The Jam & Compo
Ludum Dare is actually two separate events:
- A single-person 48-hour game competition (or ‘compo’).
- A team-based 72-hour game jam.
I participated in the 72-hour jam. The result of our efforts was Planet Smasher, a game about shooting projectiles at your opponent while in orbit. You can play the game here.
Each Ludum Dare has a theme that all submissions should try to incorporate into the game. Ludum Dare 30’s theme was Connected Worlds.
During the first few hours of the competition, the team thought hard in search of an idea that would be novel, fun, small in scope, and conforming to the theme. We had some wacky ideas, and after much deliberation we decided to use orbiting and gravity as core mechanics.
I had some previous experience simulating gravity in 2D game prototypes, and was able to recover some old code that calculates acceleration due to gravity from a previous project. Surprisingly, the meat of the logic exists entirely in these few lines of code:
float gravityAccel = GRAVITATIONAL_CONSTANT * ((this.mass*otherObject.mass) / (distanceToObject*distanceToObject)); float angle = (float)Math.Atan2(relativeY, relativeX); float accelX = -(float)Math.Cos(angle)*gravityAccel; float accelY = -(float)Math.Sin(angle)*gravityAccel;
Using this simple formula, we were able to create all the orbital behavior for the planets and projectiles. We got some emergent behavior as well. Sometimes planets would pass very close by one another and perturb each other’s orbits.
Scrambling for Assets
Every serious attempt at a video game needs graphics and sound, but we didn’t have any experts in these areas on the team.
Instead of trying to create our own sounds, I searched the Ludum Dare website and found a forum thread full of people offering their own assets for use in the jam. One chiptune producer was nice enough to send us a copy of his song to use in the game. There were also a few repositories of free sound effects that we used for the shooting and exploding sound bites.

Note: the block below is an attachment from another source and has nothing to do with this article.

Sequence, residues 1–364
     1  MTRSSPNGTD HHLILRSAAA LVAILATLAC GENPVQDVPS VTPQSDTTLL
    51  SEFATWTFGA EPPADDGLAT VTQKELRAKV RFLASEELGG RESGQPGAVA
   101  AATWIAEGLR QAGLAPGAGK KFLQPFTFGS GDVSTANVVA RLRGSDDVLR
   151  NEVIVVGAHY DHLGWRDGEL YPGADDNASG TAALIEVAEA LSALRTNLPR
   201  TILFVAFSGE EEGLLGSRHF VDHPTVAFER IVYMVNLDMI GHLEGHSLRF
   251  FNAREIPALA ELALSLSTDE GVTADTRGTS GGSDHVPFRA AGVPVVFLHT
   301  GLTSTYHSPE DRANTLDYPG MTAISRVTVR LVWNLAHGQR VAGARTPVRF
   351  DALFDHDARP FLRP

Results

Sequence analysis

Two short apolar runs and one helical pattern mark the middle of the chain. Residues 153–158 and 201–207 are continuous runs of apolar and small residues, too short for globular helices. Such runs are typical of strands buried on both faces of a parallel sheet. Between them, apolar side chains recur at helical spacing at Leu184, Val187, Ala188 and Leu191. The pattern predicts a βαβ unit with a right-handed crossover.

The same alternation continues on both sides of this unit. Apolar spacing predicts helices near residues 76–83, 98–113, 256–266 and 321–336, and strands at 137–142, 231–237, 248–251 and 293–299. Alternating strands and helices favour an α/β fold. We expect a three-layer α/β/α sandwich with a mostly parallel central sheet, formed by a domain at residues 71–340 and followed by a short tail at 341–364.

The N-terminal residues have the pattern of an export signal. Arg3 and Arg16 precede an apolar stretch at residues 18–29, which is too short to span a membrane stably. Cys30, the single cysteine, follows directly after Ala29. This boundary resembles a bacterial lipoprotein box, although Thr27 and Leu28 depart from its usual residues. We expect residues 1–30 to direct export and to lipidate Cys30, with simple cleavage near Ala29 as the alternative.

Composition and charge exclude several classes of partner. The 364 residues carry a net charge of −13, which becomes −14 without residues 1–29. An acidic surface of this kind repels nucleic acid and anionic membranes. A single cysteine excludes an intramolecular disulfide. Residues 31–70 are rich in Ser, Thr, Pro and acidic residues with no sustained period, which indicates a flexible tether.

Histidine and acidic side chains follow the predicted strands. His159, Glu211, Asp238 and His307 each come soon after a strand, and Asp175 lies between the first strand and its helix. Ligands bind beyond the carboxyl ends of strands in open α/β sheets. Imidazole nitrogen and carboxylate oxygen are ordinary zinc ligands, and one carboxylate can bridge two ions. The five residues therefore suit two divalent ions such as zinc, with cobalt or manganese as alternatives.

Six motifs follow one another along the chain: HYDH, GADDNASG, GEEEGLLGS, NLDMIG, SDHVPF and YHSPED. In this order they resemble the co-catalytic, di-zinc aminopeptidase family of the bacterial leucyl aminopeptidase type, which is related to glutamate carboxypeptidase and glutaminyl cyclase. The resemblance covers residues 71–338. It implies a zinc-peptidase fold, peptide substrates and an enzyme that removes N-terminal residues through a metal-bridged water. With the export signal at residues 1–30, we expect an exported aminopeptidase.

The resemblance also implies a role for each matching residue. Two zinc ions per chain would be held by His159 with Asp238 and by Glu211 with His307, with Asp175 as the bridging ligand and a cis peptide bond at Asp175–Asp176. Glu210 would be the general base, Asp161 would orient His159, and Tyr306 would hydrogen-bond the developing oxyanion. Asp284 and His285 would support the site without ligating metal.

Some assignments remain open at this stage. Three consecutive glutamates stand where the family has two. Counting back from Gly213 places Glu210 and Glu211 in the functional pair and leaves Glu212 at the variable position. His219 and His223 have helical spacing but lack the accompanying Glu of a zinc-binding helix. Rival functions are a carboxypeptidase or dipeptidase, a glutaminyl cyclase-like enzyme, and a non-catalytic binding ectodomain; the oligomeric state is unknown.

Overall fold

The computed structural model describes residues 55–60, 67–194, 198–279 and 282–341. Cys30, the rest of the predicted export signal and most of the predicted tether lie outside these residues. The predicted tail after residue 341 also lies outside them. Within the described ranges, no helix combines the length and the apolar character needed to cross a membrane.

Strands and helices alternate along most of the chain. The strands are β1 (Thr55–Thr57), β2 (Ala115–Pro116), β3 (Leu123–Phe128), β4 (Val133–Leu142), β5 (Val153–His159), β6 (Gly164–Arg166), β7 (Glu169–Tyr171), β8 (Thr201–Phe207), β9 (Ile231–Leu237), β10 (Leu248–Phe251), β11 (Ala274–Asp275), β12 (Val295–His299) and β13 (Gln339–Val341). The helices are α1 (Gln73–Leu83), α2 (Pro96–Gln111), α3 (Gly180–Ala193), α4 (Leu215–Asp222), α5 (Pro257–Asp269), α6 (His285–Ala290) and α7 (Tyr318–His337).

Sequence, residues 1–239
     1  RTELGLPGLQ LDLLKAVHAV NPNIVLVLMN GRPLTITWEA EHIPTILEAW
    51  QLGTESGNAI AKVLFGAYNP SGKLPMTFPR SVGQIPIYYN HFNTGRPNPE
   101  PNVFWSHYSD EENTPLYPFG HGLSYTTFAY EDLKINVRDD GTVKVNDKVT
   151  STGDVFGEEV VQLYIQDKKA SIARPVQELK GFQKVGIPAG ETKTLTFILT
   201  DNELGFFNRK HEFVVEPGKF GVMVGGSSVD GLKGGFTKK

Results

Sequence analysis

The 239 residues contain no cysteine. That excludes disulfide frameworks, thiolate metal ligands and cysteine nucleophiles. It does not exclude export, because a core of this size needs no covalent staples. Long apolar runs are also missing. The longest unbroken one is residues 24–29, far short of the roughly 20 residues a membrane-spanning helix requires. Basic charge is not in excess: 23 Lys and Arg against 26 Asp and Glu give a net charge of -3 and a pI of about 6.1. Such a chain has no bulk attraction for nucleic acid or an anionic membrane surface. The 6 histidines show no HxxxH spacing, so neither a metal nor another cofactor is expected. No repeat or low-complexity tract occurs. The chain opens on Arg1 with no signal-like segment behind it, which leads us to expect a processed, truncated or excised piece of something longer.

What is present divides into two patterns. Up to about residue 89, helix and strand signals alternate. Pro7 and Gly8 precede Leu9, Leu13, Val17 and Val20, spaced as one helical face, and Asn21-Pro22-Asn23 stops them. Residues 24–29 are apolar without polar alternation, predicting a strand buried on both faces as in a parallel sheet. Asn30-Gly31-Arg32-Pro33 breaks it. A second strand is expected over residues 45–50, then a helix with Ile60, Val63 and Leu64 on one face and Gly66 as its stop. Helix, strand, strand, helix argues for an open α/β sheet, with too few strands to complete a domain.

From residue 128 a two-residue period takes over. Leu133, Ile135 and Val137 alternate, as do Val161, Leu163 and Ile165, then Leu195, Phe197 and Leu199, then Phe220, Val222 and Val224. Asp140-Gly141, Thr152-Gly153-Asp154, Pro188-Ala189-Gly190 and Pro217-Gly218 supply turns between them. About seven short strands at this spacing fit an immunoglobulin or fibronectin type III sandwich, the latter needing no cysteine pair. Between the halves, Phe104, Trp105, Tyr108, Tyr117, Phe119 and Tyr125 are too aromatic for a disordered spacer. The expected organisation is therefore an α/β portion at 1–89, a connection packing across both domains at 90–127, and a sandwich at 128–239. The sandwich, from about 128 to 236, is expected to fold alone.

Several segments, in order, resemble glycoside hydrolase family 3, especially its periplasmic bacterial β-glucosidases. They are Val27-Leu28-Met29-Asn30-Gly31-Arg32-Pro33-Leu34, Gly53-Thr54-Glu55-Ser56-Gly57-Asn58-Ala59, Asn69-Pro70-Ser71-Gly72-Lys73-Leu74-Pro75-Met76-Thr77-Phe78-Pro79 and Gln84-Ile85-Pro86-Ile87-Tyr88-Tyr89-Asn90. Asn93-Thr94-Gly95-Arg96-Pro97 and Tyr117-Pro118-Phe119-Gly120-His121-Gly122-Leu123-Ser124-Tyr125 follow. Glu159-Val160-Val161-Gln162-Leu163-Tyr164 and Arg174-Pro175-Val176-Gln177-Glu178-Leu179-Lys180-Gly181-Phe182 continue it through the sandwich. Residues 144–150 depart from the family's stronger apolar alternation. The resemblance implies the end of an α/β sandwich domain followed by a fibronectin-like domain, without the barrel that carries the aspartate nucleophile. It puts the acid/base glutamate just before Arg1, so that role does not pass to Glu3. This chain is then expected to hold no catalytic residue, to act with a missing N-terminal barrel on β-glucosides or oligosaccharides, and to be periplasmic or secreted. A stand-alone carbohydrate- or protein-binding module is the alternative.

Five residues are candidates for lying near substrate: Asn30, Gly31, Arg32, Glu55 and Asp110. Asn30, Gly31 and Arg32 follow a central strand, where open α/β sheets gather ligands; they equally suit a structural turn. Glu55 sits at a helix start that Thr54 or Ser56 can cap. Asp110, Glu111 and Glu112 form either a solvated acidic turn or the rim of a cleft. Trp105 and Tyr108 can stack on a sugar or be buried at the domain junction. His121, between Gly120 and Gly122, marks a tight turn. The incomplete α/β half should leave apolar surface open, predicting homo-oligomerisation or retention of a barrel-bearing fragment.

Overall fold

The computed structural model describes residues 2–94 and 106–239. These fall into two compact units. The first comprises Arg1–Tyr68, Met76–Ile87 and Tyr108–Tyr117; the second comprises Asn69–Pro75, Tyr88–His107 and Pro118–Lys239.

For the game’s art, I quickly drew some circles to represent the sun and planets in orbit. These ‘placeholder’ assets were never replaced. Additionally, several other images started out at higher resolutions, but we intentionally pixellated them in an attempt to make it look like a retro video game. A good example of this is the image of a galaxy that is the background throughout the game.
In our game code, we had a section devoted to the game’s ‘magic numbers’. These numbers were the values that determined how the game worked. For example, we had the gravitational constant shown in the code sample above. We also had variables that determined the feel of the game, like how fast the player can rotate or how long do they need to hold the space bar to charge a shot.
Throughout the development of the game, we playtested many times to test new features and balance existing ones. Because we kept all of our tweak-able numbers in one place, it was easy to create a very fast feedback loop and continually hone in on the ideal values.
A Touch of Humor
Entries in the Ludum Dare competition are judged in many categories (Innovation, Fun, Graphics, Audio etc). The most overlooked category is Humor. Most games in the competition don’t try to be funny at all. For our game, we wanted to at least attempt some humor.
After each round, the player sees an end-game screen that displays their results. This felt like a good place to add the flavor text.
Post Mortem Analysis
Summing it all up:
- What went right
- We made a game in a weekend and it runs without crashing!
- We made some good decisions on:
- Keeping the scope small
- Creating a simple, engaging core mechanic
- Generally positive reviews from players:
- Good game feel
- Liked the orbital mechanics
- What went wrong
- We didn’t have any graphical artists of any kind and it shows.
- This was the first time anyone on the team used Unity, and we spent lots of time just learning the tools.
- Negative feedback from players:
- Different reviews say that the controls are too slow or too fast. There were also requests to use mouse controls instead of keyboard-only.
- Some players can’t play the game because we only deployed to web.
- Lessons learned
- The competition really is about knowing your tool set and workflow ahead of time. This preparation allows you to focus on only the ‘production’ aspects of the game.
- Come into the competition with some of the problems already solved. For example, where are good places to find music and sound if you’re not an audio expert? Lots of entries solved this by using music generators.
- Try to get the game running on as many platforms as possible.
Thanks for reading about Planet Smasher. See you at the next Ludum Dare.